ligandswap is a method developed and implemented using Sire that allows relative protein-ligand binding free energies to be calculated from first-principles, condensed-phase simulations. The method is currently under development and is not yet published (so use at your own risk!). The method is similar to waterswap, but instead of swapping a ligand with water, ligandswap swaps one ligand with another.

The method works by constructing a reaction coordinate that swaps one ligand (ligand 0) bound to the protein with another ligand (ligand 1) solvated in water. The affect is to unbind ligand 0 while simultaneously binding ligand 1. To ensure there is no bias towards ligand 0, a second stage calculation is performed which swaps ligand 1 bound to the protein with ligand 0 free in water. This should give the negative of the stage 1 calculation.

The input files for a ligandswap calculation are the Amber format coordinate and topology files that represent the solvated protein-ligand 0 and protein-ligand 1 complexes (solvated using TIP3P water in a periodic, orthorhombic/cubic box).

Assuming that these files are called “complex0.crd” and “”, and that ligand 0 is called “LIG0”, and “complex1.crd” and “”, and that ligand 1 is called “LIG1”, then the command to run a ligandswap simulation is; -c0 complex0.crd -t0 -l0 LIG0 -c1 complex1.crd -t1 -l1 LIG1

Sire will run the calculation using a default configuration that should be sufficient for most use cases. If you want to change any of the configuration parameters, then you can do so by writing a configuration file, the help for which can be found by running –help-config

Once you have written a configuration file, e.g. called “CONFIG”, then you can use it via -c0 complex0.crd -t0 -l0 LIG0 -c1 complex1.crd -t1 -l1 LIG1 -C config

As well as calculating relative binding free energies, ligandswap can calculate relative hydration free energies by swapping two ligands between a solvent box and vacuum. To swap to vacuum, use the ‘–vacuum’ option (see ‘–help’).

Sire will automatically use all of the processor cores available on your compute node. The calculation is not fast, and the free energy averages (collected simultaneously via thermodynamic integration (TI), free energy perturbation (FEP) and Bennetts Acceptance Ratio (BAR) method) will take 1-4 days of compute time to converge.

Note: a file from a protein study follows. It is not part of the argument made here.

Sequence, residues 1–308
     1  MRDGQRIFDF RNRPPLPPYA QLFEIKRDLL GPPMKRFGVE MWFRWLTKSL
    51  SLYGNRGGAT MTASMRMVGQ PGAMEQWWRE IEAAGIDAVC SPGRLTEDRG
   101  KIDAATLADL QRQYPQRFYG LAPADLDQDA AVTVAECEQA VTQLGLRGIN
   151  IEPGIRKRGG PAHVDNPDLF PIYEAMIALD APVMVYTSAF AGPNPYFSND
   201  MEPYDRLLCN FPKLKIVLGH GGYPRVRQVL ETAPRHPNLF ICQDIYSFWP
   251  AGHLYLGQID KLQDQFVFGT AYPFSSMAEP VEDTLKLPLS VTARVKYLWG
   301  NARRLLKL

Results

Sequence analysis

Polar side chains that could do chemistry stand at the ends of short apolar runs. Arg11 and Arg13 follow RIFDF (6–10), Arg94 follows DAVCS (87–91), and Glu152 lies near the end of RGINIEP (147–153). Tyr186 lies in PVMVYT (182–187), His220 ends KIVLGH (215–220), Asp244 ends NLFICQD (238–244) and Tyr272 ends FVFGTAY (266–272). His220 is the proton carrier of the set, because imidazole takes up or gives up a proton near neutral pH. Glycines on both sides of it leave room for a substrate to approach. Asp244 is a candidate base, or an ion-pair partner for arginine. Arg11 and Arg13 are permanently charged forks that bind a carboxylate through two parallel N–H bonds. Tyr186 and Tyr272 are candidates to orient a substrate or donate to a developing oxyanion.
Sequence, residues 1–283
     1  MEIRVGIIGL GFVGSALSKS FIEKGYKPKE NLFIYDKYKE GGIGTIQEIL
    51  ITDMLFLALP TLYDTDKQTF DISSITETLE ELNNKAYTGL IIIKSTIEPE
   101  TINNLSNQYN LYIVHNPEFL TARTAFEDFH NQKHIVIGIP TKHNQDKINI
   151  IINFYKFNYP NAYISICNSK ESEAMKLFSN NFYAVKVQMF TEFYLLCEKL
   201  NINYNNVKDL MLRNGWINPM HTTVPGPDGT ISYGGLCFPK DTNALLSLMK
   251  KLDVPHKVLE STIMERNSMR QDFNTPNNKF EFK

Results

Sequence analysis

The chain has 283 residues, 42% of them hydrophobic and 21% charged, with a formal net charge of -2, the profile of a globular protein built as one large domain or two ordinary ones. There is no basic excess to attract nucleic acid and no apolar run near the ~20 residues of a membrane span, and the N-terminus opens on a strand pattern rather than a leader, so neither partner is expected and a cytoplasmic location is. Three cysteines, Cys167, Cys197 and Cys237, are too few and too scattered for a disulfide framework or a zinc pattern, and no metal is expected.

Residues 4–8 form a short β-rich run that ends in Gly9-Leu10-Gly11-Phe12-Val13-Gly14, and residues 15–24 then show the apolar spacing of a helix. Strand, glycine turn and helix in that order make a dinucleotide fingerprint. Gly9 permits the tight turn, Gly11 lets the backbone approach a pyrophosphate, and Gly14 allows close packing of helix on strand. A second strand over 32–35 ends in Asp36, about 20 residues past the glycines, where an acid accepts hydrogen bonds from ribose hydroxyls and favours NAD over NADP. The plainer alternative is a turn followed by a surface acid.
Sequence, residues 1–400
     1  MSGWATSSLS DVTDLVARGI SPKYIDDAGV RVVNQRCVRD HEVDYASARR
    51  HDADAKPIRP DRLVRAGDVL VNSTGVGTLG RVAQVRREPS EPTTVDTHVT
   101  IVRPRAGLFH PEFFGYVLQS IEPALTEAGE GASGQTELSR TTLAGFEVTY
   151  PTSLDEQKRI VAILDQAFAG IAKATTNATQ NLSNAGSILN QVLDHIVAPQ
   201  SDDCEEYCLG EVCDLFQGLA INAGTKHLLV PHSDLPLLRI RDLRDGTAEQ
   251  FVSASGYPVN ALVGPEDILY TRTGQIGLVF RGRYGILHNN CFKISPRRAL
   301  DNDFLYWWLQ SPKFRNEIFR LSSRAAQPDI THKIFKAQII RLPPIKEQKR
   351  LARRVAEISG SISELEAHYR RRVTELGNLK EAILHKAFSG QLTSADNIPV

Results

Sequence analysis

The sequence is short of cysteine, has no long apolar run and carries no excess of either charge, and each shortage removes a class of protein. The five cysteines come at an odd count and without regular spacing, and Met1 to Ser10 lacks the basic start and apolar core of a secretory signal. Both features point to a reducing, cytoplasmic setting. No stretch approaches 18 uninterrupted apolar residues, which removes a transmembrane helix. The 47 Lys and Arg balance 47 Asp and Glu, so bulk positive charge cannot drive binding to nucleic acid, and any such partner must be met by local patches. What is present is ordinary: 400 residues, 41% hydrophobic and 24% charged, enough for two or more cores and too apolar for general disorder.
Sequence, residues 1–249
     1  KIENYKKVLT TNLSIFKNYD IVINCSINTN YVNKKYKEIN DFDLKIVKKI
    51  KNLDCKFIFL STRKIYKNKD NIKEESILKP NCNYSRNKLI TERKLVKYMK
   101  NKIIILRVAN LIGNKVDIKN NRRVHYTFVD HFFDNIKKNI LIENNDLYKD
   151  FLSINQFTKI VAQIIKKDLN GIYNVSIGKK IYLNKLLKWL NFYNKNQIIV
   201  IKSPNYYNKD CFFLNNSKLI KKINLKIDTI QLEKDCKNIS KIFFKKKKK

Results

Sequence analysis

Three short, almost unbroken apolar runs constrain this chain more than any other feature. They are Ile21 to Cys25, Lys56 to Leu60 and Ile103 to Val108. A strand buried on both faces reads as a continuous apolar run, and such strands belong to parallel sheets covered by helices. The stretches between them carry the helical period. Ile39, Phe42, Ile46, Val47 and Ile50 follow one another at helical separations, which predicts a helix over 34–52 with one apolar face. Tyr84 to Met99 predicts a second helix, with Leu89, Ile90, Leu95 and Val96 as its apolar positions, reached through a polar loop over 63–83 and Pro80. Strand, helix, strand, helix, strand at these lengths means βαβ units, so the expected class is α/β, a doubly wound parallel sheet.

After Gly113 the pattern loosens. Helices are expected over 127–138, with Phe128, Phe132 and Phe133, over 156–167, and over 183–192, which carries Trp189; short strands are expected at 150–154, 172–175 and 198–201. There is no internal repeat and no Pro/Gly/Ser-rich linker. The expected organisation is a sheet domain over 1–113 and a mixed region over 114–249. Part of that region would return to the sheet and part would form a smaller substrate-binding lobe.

Sire performs the calculation as a series of iterations (1000 by default), with the binding free energy (and binding free energy components) written to an output results file at the end of each iteration. This is performed for each stage (stage 1 being ligand 0 bound to ligand 1 bound, and stage 2 being ligand 1 bound to ligand 0 bound). These files, called output/stageX/results_????.log (where X is the stage number and ???? is the iteration number) can be monitored during the simulation to check for convergence. At the end of the simulation, you can analyse the results of each stage using the Sire app analyse_freenrg, e.g. -i output/stage1/freenrgs.s3 -o stage1_results.txt -i output/stage2/freenrgs.s3 -o stage2_results.txt

This will calculate the potentials of mean force (PMFs) from the FEP, TI and BAR averages and will write them all to the files ‘stage1_results.txt’ and ‘stage2_results.txt’. At the bottom of the results will be four estimates of the relative binding free energy. These four estimates are; estimate from analytic integration of TI, estimate from quadrature based integration of TI, estimate from FEP and estimate from BAR. The relative binding free energy is the average of the four estimates from stage 1, and the negative of the four estimates from stage 2 (stage 2 is the reverse process of stage 1). An error can be approximated by looking at the spread of these values (e.g. by a standard deviation). If the simulation is well-converged, and there is no bias between the different binding modes of ligand 0 and ligand 1, then these eight estimates should be roughly equal.

In addition to the output/results_????.log files, Sire will also write a restart file (lsrc_restart.s3) and will write all of the free energies into freenrgs_????.s3 files (for the total free energy, and also for the residue/water components and bound and free parts). These .s3 files contain the streamed versions of the Sire objects, and can be used to restart the simulation, or to inspect the free energies or perform statistical analysis (e.g. recalculating the free energies using different integration methods, examining convergence of thermodynamic integration compared to free energy perturbation etc.). Also, Sire can be instructed to write out PDB coordinate files of the intermediates in the calculation, e.g. so you can see how the protein changes conformation as the ligand is exchanged with water. The PDB output files show only the atoms that move during the simulation, so do not worry if you only see a small cutout of your protein.

While ligandswap aims to calculate the relative binding free energy, it is not magic, and cannot overcome errors in the parameters or model of the complex. ligandswap will only be as accurate as the underlying model of the complex, and as it neglects terms such as polarisability, ionic effects and concentration effects. Care should be taken when interpreting the results of ligandswap, and, ideally, repeat calculations should be performed, e.g. by running on snapshots taken from an equilibrated molecular dynamics simulation.

If you need more help understanding or interpreting the results of a ligandswap calculation then please feel free to get in touch via the Sire users mailing list.